The Southwestern Historical Quarterly, Volume 34, July 1930 - April, 1931 Page: 36
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Southwestern Historical Quarterly
on the road to this place, country beautiful, many groves of timber,
high hills on the north west. We saw a great number of deer this
morning, their tameness surprised me. Within three miles, we
passed the encampment of the first and 2 Regmts. here I found
one of C. M. Clay's men, who Peters had left with them without
reporting him, without making any provision for his subsistance,
without money, so I found him, sick as I was, scarce able to ride,
this morning. Shiply, Baker, and myself all worse, I immediately
reported myself and those with me to Gen'l Wool's quarters, pre-
sented our condition and our wants. The whole town, each and
every department were in a perfect uprore and confusion, oweing to
a part of Wool's command taking up their march for the Rio Grand
this morning, this division consists of 8 companies of Arkansas
cavelry, 2 companies of the 2d U. S. Dragoons, one of the first,
one of Cap't Washington flying Artilery, 4 camp Ill. Infantry, and
Cap't William's comp'y of Infantry from Clark County, Kentucky.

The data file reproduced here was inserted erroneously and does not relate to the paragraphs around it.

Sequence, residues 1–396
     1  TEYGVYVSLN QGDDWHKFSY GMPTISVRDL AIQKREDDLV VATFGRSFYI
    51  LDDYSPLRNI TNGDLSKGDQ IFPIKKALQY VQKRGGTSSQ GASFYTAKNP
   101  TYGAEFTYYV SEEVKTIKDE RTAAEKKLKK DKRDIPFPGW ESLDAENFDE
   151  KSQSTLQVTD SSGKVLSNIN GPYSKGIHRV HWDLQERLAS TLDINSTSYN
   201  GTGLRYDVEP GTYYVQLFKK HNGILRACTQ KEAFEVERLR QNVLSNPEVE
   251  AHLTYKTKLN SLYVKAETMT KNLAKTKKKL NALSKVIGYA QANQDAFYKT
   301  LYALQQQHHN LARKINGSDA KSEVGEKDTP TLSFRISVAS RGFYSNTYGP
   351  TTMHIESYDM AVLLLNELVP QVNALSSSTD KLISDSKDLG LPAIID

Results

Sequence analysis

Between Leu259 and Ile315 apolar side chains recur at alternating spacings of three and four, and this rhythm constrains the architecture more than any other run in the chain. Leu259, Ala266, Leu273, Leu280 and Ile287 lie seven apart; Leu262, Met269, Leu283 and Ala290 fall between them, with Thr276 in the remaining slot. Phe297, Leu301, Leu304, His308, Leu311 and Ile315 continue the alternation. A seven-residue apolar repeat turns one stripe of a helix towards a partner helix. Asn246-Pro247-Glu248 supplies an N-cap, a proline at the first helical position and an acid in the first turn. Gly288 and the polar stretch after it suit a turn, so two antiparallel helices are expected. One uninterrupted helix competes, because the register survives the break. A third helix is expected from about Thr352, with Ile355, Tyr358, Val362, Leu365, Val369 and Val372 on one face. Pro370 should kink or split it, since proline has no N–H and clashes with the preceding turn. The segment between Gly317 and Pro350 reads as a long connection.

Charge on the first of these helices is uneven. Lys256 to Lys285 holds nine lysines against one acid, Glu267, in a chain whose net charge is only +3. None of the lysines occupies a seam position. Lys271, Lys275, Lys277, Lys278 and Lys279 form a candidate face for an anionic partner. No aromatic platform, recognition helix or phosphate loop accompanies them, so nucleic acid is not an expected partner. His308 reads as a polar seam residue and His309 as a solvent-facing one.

After two hours dallying and some vexation in going backward
and forward from head quarters, to the quarter master forager,
and stable masters, surgents office, hospitle, etc., I got my horses
in to the quartermasters stable, and our selves into the hospittle, I
am quite unwell and my Journal must end here untill I get better
and have more leasure. All three of the boys are also quite sick,
with every prospect of their being worse. When I will get through
with nursing the sick, when [I] will have a moment I can call my
own Heaven only knows. The hospital is a miserable place, mis-
erably managed, and attended. Filled full of poor miserable crea-
tures. I was offered the office of assistant steward of the hospital
the day I came here, but declined it. I was also offered a bed-
room and board in town free of charge. This I also declined. I
could not think of leaving the boys in a hospital unassisted, un-
cared for. Could I have taken them with me, I would have gladly
accepted the last offer.
Peters had left two days before my arrival for Laredo. He left
not a cent of money for us. Rothrock says he thinks he gave him
all the money that he had when he started away. What became of
ours, I know not. I discover he gambles sometimes. I had
money when I left Little Rock. I afterwards drew 5 dollars from
Peters to be prepared for any expense that might arise, this I'll
hold untill there is a just settlement of our accounts, and he
Here’s what’s next.
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Texas State Historical Association. The Southwestern Historical Quarterly, Volume 34, July 1930 - April, 1931, periodical, 1931; Austin, Texas. (texashistory.unt.edu/ark:/67531/metapth101091/m1/40/: accessed November 19, 2017), University of North Texas Libraries, The Portal to Texas History, texashistory.unt.edu; crediting Texas State Historical Association.